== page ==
The Clever system doesn’t quite hit the threshold of every roll can be good but it has taken stupid plays for me not to be able to use every roll. As a basic rule of thumb, I feel I can safely say that the Clever system makes every roll viable.
When I first tried That’s Pretty Clever last year, I wrote that it killed Yahtzee for gamers. (Qwixx kills Yahtzee for everyone else) And that seems more true than ever. While I love abstract games, they have a bigger hurdle to be accessible and the Clever system makes that hurdle.
The worst thing I can say is that the Clever system can get to be formulaic, particularly if you are playing it solitaire the way I do. But that’s a sin most solitaire or roll and write games can have. And having so many variations helps keep it fresh.
This started out as a review of Clever Hoch Drei (I am having more fum with it than Twice but not as much as Pretty) but turned into an overview of the series. And the Clever games are ones that I can play over and over again.
Originally posted over at www.gnomepondering.cim
- [+] Dice rolls
I don’t think there has been a year that will have more retrospectives than 2020 for maybe a generation. That is a huge sentence but I think it’s still true. This has been a grueling, devastating, damaging year. People all around the world will be feeling 2020 for years to come. 2020’s going to get its own Dewey Decimal number.
We have been luckier than so many people we know, let alone the wider world. And this has still been the most exhausting, stressful year of our lives.
Quarantine led to remote schooling and having to be the entertainment center meant a lot less R&R time. Short stories became incredibly valuable for me. And gaming has helped keep me a little saner.
Print and Play, solitaire micro-games have been a big deal for me in 2020. I already enjoyed them a lot but 2020 made them a focal point of my gaming. PNPArcade was a really solid source for them. When I had a stack of print-outs sitting I front of me to be cut and I felt like I had just walked into the exhibit hall of GenCon, I knew how confined quarantine had made us and how much we needed the little things.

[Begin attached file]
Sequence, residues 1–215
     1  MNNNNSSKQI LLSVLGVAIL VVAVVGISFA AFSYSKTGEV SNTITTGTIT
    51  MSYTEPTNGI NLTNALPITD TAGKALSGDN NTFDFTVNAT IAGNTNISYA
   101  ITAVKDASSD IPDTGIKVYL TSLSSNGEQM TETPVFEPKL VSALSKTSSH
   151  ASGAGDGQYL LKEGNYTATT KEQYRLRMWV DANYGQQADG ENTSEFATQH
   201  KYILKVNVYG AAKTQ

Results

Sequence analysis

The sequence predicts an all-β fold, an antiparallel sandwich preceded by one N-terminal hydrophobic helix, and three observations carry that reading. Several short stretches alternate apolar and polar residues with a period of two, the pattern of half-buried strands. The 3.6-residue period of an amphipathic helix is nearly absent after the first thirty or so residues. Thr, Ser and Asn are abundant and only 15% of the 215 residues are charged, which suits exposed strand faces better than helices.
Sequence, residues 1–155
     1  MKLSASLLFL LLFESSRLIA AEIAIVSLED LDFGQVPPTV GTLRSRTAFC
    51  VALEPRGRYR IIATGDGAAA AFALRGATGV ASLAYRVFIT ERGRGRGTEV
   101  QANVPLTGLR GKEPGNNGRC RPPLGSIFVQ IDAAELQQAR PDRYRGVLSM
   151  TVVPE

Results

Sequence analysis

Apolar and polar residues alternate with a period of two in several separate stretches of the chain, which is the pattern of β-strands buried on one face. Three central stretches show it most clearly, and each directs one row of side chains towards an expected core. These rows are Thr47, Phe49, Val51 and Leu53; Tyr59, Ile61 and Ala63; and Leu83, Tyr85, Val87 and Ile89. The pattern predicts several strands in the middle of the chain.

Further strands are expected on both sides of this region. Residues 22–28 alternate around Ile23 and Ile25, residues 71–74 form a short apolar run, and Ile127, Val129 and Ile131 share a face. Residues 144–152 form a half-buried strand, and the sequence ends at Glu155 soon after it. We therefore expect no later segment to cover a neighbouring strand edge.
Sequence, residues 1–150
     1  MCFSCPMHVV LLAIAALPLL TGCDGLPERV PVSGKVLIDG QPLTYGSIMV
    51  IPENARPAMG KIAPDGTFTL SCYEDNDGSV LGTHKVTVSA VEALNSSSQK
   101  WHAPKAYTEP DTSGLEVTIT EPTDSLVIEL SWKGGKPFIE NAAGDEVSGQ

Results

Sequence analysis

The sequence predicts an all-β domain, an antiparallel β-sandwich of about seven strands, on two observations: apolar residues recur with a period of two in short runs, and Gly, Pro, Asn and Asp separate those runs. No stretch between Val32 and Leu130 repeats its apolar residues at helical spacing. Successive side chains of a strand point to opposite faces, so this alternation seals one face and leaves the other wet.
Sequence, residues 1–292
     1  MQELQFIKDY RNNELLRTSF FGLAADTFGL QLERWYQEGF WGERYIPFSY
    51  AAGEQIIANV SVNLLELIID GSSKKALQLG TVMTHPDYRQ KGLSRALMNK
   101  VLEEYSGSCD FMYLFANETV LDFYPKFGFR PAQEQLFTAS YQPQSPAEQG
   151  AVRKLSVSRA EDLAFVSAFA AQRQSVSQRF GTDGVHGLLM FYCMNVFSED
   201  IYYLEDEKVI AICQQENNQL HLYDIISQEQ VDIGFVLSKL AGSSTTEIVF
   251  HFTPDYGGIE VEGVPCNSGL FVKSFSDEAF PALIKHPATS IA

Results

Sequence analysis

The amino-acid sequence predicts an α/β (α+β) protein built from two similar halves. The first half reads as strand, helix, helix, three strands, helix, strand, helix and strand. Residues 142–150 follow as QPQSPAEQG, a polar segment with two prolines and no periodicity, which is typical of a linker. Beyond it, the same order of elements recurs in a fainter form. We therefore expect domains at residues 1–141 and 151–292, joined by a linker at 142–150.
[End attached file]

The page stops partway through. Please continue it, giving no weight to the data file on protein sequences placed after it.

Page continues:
Digital and online gaming has always been a big part of my gaming hobby so it didn’t feel particularly significant for me as far as 2020 was concerned. But I did play a lot of board games, thanks to the power of computers. In particular, I attended a coupe of virtual conventions. Which wasn’t as good as in-person but was incredibly important for fostering a sense of connection and community.
Finally, my positive, warm, fuzzy feelings towards Roll and Write games got a huge boost. While it goes back into how valuable Print and Play has been for me, Roll and Write still deserves a special mention. When time and space are limited, Roll and Writes offer some of the meatiest options for me. More than that, they are the best options when someone has asked me for a game they can make and play when they can’t get out.
2020 has been a devastating year all around. I think I speak for everyone when let us hope that 2021 is better.
- [+] Dice rolls
27 Nov 2020
I’ll be honest. While I look at every entry in PnP contests and download them, the low ink, low construction games are the ones that get made right off the bat. (Larger games require consideration) Which is why I’ve already tried out Lifeguard: Surf and Rescue. It’s a Roll and Write that consists of one page of play sheet and one page of rules. I duplexed it and laminated and was done in one sheet of paper.
Lifeguard is all about rescuing drownings surfers. In addition to the play sheet, you will need something to write with and a couple of dice. Yes, this game has a really low buy-in requirements.
The actual board is a grid. You set up the game by rolling the dice and then spending the pips on resources (which consist of three different ways to manipulate dice, ranging from +/- 1 to refills) After that you roll the dice and place drowning surfers on those coordinates. You can adjust the difficulty by adding or subtracting and drowning people.
Okay, here’s how you play. Roll two dice. Choose one of them and draw a line straight up from the X axis until you hit the other number on the Y axis. Then drawn a straight line to the left. If you touch any drowning surfers, you save them. If you can’t, use resources to adjust the dice until you can. Save all the surfers and you win. Use up all your resources and you lose. Scores are based on how efficiently you rescue drowning surfers.
I have to admit that I read the rules wrong the first time I tried to play. Based purely on my own preconceptions, I assumed you were drawing a diagonal line, not a right angle. And that made the game literally impossible. Getting the rules right made quite a difference.
Honestly, the game was better than I expected but I went in with very low expectations and a misunderstanding that broke the game. My favorite part of the game is the dice manipulation, which is clear and cleanly laid out.
But the big problem the game has is that it’s too easy. After a decent handful of games, the only time I lost was when I rolled a four to buy resources. I feel pretty sure that rolling a six or better (and you do get a mulligan) will give you enough resources to win the game. And a d6 is small enough that a little dice manipulation can go a long way.